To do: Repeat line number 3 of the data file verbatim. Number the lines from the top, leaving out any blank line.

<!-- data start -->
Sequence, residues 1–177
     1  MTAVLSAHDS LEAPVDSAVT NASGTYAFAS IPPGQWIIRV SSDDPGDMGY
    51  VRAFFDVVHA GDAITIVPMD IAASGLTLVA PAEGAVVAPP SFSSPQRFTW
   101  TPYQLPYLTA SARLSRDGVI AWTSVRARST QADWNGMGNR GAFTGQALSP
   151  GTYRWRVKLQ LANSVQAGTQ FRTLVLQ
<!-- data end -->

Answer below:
    51  VRAFFDVVHA GDAITIVPMD IAASGLTLVA PAEGAVVAPP SFSSPQRFTW